Blackboard, for those who don't have the pleasure, is a proprietary web-based course software package. Schools and colleges pay the Blackboard people (and a few others who offer similar packages) thousands and thousands of dollars for the licenses to run these, and spend thousands more on servers to run them. There are some extremely avid users of Blackboard among faculty I know - and by some, I mean, let's see... 2.

I use Blackboard, but I don't like it. I use it mainly to avoid having students pay a publishing company $100 or more apiece for a textbook that doesn't work well for my course.

Some people use Blackboard to "deliver" entire courses. I loathe this expression, and I don't even know what it's supposed to mean, unless a course is a ready-made package of material, and in that case, I don't think I know what "teaching" means, other than to be a delivery-system for information.

(What really surprises me is that some faculty seem to feel just fine about that model of teaching, and don't seem to recognize the implication of it that is glaringly obvious to me: ultimately, there's no way I can compete with digital media as a delivery-system for information. I create way more noise, am far less efficient, and I demand a higher wage.)

This year, I've decided to use Blackboard to "deliver" quizzes to my Professional Ethics students, as a way for them to gauge that they've understood a couple key points in the reading, and also as a bit of a prod to keep them up to date on the reading. I thought it was a good idea. Sometimes that kind of prodding is just what a student needs to keep from procrastinating too much. There are a lot of students like that.

But this requires that I use Blackboard's test creator function, which is the computer interface equivalent of tooth extraction via renal catheter. So when I think of my colleagues who enthuse about Blackboard, and who use it to "deliver" courses, which presumably these faculty have designed through Blackboard's various routines, I gotta wonder.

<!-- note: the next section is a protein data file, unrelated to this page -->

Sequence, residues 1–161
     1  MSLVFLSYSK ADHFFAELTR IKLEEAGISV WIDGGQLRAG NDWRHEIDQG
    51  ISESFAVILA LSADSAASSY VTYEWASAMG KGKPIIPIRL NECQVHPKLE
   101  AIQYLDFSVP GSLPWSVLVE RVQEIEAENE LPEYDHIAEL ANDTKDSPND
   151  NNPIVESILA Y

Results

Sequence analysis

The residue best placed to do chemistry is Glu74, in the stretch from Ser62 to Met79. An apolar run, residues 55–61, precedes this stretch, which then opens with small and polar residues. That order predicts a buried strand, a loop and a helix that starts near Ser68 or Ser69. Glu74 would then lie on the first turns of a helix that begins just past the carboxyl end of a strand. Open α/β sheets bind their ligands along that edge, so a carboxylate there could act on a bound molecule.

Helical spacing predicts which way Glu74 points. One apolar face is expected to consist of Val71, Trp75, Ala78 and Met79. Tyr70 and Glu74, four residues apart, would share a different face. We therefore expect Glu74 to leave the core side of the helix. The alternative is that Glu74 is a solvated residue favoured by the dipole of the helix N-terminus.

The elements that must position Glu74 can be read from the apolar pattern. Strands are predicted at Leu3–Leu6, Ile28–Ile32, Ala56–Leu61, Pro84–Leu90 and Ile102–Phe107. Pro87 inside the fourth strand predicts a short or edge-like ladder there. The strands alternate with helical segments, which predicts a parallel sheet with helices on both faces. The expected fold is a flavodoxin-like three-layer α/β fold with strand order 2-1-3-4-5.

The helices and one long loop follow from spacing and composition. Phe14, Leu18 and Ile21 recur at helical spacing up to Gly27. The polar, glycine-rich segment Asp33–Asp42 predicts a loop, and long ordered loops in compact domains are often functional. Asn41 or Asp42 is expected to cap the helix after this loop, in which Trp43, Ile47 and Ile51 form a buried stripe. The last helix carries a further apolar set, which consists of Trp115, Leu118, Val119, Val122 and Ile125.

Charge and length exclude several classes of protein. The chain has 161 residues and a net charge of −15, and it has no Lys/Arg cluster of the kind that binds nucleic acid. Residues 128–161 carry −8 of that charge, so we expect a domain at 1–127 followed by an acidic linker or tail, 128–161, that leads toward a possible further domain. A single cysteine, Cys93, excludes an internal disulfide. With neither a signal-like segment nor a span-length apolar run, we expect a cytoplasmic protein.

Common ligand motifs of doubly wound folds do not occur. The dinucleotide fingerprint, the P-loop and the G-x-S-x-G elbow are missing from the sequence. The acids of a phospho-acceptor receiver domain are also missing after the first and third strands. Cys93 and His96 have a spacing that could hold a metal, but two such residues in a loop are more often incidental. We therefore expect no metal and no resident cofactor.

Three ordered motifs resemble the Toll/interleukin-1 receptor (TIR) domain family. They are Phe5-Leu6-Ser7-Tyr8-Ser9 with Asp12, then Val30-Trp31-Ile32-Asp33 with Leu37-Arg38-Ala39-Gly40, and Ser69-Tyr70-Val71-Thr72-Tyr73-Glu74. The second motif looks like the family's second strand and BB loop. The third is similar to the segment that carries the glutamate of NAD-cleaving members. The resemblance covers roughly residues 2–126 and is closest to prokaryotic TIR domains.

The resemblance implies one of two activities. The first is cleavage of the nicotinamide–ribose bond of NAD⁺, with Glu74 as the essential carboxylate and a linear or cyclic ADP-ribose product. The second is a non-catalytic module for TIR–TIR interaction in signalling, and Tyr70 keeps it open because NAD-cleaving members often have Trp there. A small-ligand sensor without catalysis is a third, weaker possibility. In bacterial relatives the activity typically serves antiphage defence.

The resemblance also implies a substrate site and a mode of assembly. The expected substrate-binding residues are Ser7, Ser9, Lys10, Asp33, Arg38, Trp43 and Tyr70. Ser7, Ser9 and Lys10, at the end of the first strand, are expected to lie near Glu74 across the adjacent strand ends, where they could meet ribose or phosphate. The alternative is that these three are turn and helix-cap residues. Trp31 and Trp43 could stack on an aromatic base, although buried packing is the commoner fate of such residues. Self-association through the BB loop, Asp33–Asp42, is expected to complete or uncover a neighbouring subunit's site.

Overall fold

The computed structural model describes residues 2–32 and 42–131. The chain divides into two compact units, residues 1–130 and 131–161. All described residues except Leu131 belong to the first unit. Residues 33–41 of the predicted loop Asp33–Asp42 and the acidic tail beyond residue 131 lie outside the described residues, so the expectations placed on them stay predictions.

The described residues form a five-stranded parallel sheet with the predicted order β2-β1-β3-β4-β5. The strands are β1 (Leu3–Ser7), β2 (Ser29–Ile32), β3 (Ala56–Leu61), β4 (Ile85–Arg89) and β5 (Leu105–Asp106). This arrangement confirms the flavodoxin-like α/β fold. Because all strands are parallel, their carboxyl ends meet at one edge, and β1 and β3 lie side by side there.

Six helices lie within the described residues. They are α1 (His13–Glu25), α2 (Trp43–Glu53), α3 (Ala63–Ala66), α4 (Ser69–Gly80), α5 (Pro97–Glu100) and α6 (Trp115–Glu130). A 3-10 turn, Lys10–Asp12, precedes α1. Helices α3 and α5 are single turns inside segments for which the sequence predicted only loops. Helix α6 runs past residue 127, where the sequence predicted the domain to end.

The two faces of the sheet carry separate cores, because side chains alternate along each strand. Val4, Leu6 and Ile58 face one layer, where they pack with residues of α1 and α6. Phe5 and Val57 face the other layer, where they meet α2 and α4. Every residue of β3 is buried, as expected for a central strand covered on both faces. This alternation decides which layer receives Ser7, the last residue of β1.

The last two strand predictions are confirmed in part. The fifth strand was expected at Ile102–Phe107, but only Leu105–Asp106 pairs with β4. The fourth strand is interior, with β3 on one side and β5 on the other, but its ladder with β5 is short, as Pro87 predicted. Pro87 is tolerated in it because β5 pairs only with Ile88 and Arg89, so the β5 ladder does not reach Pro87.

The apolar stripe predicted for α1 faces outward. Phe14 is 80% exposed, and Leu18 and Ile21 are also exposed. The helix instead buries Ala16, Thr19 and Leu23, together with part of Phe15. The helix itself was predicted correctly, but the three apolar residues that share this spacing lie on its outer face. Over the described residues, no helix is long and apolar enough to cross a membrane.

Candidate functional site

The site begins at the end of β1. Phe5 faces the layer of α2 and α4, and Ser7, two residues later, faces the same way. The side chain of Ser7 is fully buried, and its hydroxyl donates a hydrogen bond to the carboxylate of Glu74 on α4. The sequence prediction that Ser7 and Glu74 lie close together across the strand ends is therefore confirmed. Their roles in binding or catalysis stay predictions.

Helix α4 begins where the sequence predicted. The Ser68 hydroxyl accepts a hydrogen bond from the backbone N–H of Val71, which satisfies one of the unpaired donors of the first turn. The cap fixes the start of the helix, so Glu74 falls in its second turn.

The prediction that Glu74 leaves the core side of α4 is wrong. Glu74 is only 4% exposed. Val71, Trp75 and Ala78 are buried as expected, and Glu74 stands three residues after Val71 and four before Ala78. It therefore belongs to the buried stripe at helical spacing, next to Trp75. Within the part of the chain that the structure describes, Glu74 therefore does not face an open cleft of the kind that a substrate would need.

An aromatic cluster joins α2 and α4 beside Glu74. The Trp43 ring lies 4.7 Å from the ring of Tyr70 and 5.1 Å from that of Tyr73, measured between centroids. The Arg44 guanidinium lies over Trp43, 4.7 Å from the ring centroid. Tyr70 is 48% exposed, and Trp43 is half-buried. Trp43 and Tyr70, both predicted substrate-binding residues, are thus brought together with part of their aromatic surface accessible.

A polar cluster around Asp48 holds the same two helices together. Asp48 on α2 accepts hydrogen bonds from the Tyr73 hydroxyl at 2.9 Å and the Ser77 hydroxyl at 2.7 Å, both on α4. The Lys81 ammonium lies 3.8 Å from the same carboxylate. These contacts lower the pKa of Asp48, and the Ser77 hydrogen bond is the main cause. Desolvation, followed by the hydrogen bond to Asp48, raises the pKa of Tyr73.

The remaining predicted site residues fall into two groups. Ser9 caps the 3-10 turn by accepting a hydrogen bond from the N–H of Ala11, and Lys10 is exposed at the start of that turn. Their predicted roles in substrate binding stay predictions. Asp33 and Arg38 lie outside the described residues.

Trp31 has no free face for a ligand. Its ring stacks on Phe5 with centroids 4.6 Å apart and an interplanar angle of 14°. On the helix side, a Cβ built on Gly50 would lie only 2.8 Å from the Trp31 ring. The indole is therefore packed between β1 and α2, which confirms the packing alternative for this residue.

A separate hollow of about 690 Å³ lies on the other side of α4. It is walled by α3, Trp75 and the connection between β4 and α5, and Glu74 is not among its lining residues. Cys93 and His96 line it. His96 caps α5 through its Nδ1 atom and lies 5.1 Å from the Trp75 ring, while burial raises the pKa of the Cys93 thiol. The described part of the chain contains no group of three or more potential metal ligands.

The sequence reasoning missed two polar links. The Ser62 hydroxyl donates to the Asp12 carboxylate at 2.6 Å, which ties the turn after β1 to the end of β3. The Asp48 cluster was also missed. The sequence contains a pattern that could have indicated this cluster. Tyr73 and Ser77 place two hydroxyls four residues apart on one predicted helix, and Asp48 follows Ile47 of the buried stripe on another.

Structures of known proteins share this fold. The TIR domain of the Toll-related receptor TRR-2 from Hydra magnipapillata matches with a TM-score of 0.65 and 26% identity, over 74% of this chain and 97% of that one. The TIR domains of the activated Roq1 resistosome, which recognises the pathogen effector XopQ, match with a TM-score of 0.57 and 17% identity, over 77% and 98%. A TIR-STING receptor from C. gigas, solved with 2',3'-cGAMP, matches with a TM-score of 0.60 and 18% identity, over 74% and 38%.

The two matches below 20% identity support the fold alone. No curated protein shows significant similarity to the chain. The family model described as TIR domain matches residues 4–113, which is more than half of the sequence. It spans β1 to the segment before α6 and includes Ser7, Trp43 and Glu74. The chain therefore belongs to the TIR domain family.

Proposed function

And is it just as wondrous an experience for students? Do major insurers cover this procedure?

Anyway, today I took a break from all that, and we walked around at Knight's Ferry instead.

Wednesday, August 20, 2008

California, here we come!

I found out about a year ago that California's corporate law has some interesting features, for instance, that if a California non-profit corporation does something amiss, like failing to file taxes for several years, the State can suspend, or even revoke, that corporation's Articles of Incorporation. This effectively forces the corporation to re-charter itself under a new name, and if the State, which has no resources to dedicate to the task, somehow discovers the ruse, why, that corporation is subject to the ultimate penalty - you guessed it, not being permitted to contract.

So I wasn't that surprised when I read that two unaccredited colleges are moving to California from Idaho, to open doors along with possibly dozens more, since California now has no regulatory agency to oversee businesses operating as colleges.

[You know what's coming, don't you?]

So, we're pleased to announce that, as of August 20, Doc Nagel, Inc. U. has re-opened in California. And unlike Breyer State University and Canyon College, Doc Nagel, Inc. U. is accredited, just not by the usual agency. Plus, Doc Nagel, Inc. U. is the only entirely on-line college that offers undergraduate and graduate degrees in fields from A to Z, with no coursework, no exams, no needless paperwork, and all for no tuition or fees!

Sunday, August 17, 2008

birthday dinner

So, we threw the big birthday dinner party yesterday, starting around 3, and ending around midnightish. Ten courses is a lot.

My favorite item was the shrimp with saffron mousseline.
Shrimp with saffron mousseline

Outrageous. The mousseline is a sort of hollandaise, with whipped cream added. I added saffron to the lemon juice reduction that is central to hollandaise, also to the egg yolks, also to the butter, and also to the cream. I added a little sugar, because saffron suggests this. Completely, completely insane preparation. Utterly ludicrous dish. Ridiculously flamboyant. I was giddy about it, giggling the whole time I was whipping butter into the sauce. I mean, who makes saffron mousseline? Who would have ever eaten it? See? amuse gueule! Tee-hee-hee-hee!